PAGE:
By Carl Adamec
The first time the University of Connecticut women’s basketball team traveled to Stanford’s Maples Pavilion in 1988 was to play in the Cardinal Classic.
Stanford thought so much of the Huskies that the Cardinal made UConn their first-round tournament opponent thinking it would be the easiest path to the championship game. They were right. Stanford rolled to a 72-53 win.
Saturday, 24 years to the day of the first meeting, UConn returns to Maples Pavilion as the nation’s No. 2-ranked team to take on No. 1 Stanford in an early-season showdown.
“Those are the fun ones,” UConn senior Kelly Faris said. “The more intense, the more competitive, the harder you have to work, at least for me, I find those games to be more exciting. You get more of a thrill to play those games. Those are the games players look forward to.”
The Huskies lead the series with the Cardinal 7-6 but are 0-3 at Maples Pavilion. UConn also dropped a 94-75 decision at Stanford on Dec. 28, 1993.
The Cardinal (11-0) take an 82-game home winning streak into Saturday’s game.
“Just playing Stanford, you know they are going to give you their best game,” UConn All-American Bria Hartley said. “So I think we’ll all be excited to go play on their home court, and we are going to give them our best game.”
The UConn-Stanford rivalry, though only 13 games old, has had its significant moments.
The Cardinal’s first visit to Connecticut on Feb. 20, 1993, marked the first time the Huskies sold out Gampel Pavilion. Stanford won 68-54.
The teams’ first postseason meeting came in the 1995 NCAA Final Four semifinals at the Target Center in Minneapolis. Kara Wolters had 31 points in UConn’s 87-60 rout of Stanford. The next day, the Huskies beat Tennessee for their first national championship.
On Dec. 21, 1997, UConn met Stanford in the Honda Elite 4 Classic in Lakeland, Fla. Behind Nykesha Sales’ school record 46 points, the Huskies won 94-78.
The teams would not meet again until the 2005 NCAA Sweet 16 in Kansas City where Stanford ended UConn’s three-year reign as national champion with a 76-59 win.
But starting with a game in the 2007 Paradise Jam, Saturday’s contest will be their eighth in a five-year span including three in the Final Four.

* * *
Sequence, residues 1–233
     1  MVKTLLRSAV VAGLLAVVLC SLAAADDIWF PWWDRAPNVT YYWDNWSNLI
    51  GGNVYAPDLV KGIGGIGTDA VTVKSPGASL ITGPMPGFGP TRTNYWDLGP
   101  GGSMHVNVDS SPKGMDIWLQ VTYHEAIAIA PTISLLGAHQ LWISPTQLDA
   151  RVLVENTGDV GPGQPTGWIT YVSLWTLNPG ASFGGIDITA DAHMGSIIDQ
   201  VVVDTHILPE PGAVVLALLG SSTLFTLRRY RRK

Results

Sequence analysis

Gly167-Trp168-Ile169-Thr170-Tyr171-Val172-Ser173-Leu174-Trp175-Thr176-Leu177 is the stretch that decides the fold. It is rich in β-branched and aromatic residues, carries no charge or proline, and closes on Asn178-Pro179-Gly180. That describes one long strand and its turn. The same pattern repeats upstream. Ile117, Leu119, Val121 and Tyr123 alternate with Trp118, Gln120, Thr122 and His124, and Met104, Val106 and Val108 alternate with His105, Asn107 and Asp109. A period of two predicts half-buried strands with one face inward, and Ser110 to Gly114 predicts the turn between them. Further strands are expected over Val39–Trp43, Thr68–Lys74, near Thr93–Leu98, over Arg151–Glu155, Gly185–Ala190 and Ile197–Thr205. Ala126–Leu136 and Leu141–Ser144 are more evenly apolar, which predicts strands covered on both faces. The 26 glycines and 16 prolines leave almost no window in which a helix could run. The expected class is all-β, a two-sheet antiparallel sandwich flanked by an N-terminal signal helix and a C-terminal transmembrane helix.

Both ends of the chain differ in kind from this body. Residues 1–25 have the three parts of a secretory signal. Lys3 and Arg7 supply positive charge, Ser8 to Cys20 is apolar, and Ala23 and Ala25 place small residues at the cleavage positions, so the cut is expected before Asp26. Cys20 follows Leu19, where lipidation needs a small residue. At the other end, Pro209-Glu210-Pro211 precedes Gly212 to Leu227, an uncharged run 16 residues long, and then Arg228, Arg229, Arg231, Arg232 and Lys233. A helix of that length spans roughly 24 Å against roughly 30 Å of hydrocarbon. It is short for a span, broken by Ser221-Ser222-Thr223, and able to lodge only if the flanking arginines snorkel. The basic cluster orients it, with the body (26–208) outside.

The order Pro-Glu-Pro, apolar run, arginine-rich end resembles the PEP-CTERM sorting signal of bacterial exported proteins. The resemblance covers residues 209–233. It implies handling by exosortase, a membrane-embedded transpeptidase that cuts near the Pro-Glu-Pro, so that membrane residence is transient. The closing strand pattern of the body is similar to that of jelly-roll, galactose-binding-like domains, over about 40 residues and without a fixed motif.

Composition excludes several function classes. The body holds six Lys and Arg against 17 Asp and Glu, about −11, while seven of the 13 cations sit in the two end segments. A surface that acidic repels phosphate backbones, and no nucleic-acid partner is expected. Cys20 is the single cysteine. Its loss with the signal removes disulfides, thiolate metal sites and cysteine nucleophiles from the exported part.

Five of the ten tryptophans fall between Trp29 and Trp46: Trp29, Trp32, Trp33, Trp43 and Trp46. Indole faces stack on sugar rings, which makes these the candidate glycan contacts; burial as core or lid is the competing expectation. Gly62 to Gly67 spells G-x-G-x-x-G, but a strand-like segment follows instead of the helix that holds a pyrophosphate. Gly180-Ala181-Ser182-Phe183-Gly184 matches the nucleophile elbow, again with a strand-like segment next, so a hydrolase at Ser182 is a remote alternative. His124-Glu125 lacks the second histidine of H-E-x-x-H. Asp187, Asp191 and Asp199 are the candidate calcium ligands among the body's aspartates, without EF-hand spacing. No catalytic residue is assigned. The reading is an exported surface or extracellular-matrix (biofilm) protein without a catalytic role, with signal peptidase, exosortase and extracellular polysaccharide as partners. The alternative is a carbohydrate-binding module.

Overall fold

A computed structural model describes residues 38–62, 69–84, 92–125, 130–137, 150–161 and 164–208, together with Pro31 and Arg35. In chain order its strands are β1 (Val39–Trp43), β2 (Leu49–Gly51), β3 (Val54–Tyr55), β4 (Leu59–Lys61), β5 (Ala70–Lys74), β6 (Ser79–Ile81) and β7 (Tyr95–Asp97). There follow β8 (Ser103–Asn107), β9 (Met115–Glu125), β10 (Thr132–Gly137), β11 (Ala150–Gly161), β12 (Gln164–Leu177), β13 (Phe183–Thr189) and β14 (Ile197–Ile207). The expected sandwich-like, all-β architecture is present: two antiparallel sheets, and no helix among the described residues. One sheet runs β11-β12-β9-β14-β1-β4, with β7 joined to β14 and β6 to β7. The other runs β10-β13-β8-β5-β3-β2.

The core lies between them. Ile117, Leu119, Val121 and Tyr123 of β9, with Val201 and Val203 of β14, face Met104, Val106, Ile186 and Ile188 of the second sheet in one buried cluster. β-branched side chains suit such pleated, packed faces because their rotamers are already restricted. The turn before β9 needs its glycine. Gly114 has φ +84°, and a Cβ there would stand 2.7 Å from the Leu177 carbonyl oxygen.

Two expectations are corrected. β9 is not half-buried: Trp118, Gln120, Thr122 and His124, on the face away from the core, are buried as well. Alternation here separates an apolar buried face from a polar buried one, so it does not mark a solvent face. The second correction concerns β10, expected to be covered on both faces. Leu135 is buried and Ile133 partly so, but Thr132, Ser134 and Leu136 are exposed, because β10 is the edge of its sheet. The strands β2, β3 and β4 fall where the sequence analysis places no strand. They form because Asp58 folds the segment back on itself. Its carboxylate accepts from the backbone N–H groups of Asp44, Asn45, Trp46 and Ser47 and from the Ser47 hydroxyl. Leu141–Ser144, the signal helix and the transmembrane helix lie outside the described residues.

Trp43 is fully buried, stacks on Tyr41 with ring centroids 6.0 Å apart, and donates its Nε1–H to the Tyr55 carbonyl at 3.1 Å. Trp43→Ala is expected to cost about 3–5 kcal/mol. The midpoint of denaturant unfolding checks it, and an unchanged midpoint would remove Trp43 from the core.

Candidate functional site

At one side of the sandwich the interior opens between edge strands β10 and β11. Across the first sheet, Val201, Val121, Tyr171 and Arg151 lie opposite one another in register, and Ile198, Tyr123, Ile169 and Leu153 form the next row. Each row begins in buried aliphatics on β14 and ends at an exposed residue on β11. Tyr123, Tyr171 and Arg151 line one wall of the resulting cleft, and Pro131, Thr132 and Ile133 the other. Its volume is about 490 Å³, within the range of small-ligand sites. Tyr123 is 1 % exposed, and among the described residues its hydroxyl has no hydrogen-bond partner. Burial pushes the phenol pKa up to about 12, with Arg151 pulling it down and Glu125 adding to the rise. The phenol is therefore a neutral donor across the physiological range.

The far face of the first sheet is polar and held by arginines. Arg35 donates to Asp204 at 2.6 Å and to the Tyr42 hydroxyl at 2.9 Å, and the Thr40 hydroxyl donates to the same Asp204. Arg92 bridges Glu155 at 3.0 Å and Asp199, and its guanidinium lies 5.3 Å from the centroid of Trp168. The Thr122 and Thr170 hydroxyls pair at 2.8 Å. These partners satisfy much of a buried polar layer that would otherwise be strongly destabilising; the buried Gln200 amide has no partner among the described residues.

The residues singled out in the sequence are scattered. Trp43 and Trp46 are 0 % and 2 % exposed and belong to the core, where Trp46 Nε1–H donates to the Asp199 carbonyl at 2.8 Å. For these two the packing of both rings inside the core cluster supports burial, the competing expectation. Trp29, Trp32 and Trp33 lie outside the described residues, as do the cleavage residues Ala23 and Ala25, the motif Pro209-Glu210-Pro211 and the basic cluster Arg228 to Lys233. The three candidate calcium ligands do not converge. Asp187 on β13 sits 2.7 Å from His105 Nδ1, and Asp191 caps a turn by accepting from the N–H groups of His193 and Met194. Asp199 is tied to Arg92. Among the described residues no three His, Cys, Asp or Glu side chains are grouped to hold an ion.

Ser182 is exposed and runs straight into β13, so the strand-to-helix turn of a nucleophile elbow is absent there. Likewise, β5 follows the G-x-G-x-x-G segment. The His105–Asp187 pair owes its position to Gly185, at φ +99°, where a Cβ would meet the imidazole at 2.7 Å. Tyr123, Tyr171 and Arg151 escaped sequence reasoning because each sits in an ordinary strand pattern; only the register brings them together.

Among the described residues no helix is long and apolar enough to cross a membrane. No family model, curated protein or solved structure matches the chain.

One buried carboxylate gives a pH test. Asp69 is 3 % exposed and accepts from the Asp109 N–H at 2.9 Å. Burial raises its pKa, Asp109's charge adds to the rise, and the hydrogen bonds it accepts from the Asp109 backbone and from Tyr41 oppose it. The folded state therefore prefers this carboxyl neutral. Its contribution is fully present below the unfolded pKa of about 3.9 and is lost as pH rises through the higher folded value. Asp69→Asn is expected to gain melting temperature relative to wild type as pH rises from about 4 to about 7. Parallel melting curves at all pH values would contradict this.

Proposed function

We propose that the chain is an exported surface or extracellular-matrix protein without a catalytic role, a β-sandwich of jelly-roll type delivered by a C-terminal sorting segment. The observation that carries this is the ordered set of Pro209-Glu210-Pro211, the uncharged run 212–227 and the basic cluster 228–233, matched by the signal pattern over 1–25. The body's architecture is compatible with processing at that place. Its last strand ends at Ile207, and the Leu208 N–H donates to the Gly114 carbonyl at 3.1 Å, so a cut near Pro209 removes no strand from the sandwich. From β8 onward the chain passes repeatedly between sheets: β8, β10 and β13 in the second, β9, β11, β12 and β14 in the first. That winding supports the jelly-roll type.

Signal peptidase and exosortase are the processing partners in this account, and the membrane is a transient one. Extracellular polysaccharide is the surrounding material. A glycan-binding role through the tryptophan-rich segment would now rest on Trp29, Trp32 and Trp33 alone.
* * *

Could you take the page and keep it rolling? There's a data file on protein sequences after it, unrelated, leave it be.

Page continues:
“Rivalries usually becomee big rivalries because of the importance of each game,” UConn coach Geno Auriemma said. “If it was just that we played each other during the regular season and didn’t play each other in the NCAA Tournament, it wouldn’t be that big. I think the Notre Dame rivalry became a big rivalry because it led to a bunch of NCAA tournament games. The same with Tennessee and the same with Stanford.
“The rivalries with some of the other schools aren’t as big, because we really haven’t had as much of a history in the NCAA tournament. When you play each other in the NCAA Tournament a lot of times that is what really escalates a rivalry.”
Stanford ousted UConn in the 2008 Final Four semifinals in Tampa 82-73. The Huskies would then win their next 90 games, including an 83-64 win in the national semifinals in St. Louis in 2009, and a 53-47 win in San Antonio in the 2010 NCAA final. Stanford would end the Huskies’ NCAA record winning 71-59 on Dec. 30, 2010, at Maples Pavilion.
Now the Huskies are back with the nation’s No. 1 ranking on the line.
“Obviously they are a great team, very smart, very competitive, a great rebounding team,” Faris said. “That gym is going to be packed. It is going to be loud. They are going to be physical with us. My sophomore year, maybe, we didn’t finish the game off, and we let them kind of beat us down. We have to have a different approach this time.”
UConn and Stanford announced last month that they have agreed to extend the series for two years. The Huskies will host the Cardinal for the 2013-14 season opener next November.